The findings from research by Prof. Irit Sagi, dean of the Feinberg Graduate School at Israel’s Weizmann Institute of Science, could have major implications in treating cancer, inflammation, infection and a number of autoimmune diseases.
Sagi, who teaches in Weizmann’s department of biological regulation, was in Montreal and Toronto last month to share the results of a study she’s been working on for the past two decades involving the examination of a group of proteins responsible for the progression of cancer, inflammation and many infectious diseases.
Addressing audiences of Weizmann donors, Sagi was the keynote speaker at parlour events in both cities, and she also spoke at a small event at the Israeli consul general’s home in Montreal as well as at the home of a private donor in Toronto.
Sagi’s research, which is being referred to as groundbreaking and was recently featured in Nature magazine, involved looking at the structure and reactivity of various proteins, also called enzymes, that invade a body’s healthy tissues and cause damage to them.
In doing so, these enzymes contribute to a host of diseases. “Tissue damage is common to almost all invasive diseases, because the diseased cell infects the whole body through migration… the [invasive] protein paves a path for harmful cells to cross [a person’s] tissues and veins and invade almost any organ in the body,” Sagi said.
To figure out how to block a harmful enzyme, she explained, it’s first necessary to understand the enzyme’s structure and the way that it operates, both of which tend to be extremely complex.
Over the course of her research, her team has revealed, for example, the comprehensive structure of an enzyme called MMP9, which is known to be produced in metatastic cancer cells and in tissues attacked by autoimmune diseases.
Her research also included developing a precise method for tracking, in real time, the changes that occur in active enzymes.
Sagi said researchers are now using this method to develop a new generation of drugs.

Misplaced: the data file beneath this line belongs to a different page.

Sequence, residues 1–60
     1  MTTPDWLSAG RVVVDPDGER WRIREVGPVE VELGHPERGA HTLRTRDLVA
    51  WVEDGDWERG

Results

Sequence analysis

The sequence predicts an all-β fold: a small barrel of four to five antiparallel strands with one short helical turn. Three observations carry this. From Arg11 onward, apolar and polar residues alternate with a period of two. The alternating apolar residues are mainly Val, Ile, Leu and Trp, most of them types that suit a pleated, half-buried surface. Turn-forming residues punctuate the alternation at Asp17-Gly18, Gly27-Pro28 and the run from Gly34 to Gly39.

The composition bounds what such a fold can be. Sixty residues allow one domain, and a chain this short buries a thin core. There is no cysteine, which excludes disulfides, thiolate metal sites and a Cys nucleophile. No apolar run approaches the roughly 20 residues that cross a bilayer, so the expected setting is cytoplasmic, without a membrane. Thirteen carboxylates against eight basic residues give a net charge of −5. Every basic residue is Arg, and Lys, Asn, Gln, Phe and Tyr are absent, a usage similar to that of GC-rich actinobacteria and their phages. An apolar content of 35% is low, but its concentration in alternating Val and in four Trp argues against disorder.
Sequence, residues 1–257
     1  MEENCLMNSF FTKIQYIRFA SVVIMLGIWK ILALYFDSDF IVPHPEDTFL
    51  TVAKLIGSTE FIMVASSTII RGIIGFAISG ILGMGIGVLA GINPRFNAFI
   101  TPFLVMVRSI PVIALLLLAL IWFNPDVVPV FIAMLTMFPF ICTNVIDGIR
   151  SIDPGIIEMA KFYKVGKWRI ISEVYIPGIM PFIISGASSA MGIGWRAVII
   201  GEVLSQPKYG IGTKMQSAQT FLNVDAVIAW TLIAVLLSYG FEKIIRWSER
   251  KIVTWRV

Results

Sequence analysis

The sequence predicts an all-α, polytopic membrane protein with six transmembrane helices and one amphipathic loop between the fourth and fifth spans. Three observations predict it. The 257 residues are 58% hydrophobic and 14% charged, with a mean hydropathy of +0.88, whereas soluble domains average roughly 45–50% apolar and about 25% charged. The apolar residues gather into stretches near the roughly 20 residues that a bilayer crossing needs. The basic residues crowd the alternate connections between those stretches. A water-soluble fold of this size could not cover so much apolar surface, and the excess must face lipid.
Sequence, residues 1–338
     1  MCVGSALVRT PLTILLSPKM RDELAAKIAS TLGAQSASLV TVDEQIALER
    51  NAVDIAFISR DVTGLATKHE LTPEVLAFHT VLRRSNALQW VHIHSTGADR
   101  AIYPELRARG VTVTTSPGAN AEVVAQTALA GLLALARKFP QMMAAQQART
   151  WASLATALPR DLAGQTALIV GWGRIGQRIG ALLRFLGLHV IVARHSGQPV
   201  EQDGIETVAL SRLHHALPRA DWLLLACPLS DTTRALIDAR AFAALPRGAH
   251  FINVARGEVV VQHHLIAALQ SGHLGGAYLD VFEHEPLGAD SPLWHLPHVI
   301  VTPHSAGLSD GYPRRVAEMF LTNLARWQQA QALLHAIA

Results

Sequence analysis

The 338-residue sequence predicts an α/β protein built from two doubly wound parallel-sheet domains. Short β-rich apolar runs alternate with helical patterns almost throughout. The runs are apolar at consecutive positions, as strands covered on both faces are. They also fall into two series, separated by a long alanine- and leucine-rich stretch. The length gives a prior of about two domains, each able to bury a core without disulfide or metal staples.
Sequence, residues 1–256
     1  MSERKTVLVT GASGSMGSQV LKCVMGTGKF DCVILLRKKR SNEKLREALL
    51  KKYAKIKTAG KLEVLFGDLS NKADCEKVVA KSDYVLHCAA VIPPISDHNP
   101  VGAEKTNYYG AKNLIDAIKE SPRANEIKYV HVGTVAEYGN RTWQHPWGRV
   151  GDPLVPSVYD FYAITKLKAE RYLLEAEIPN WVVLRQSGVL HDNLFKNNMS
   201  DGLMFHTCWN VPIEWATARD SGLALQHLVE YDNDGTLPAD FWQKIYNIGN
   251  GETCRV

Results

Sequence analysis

Further, Sagi’s research team successfully designed certain molecules, known as therapeutic antibodies, which work to block invasive proteins responsible for tissue damage. “These molecules we’ve developed are antibodies, and the way they work is that they bind these very harmful enzymes in a specific conformation. That’s what makes them so unique – they target only the pathological [and not the healthy] form of the enzymes,” Sagi said.
She said her team will continue to investigate the workings of these invasive enzymes, as well as try to apply their findings to the development of therapeutic drugs that could, “fight the tissue damage in a number of autoimmune diseases.”
They’re doing clinical trials to develop drugs for conditions such as Crohn’s, as well as other inflammatory bowel diseases and autism. “The research she’s done, such as her reversal of Crohn’s disease in mice, has grabbed the attention of some pharmaceutical companies,” said Lorie Blumer, a spokesperson for Weizmann Canada, a branch of an international network that supports the institute.
Sagi was born in Israel to a mother from Afghanistan and a father from Iran.
“At the Weizmann Institute, we have fantastic opportunities to do basic research, to work with superb students and colleagues and to access strong infrastructure,” she said. “These components really help to move fast to come up with, and execute, groundbreaking ideas.”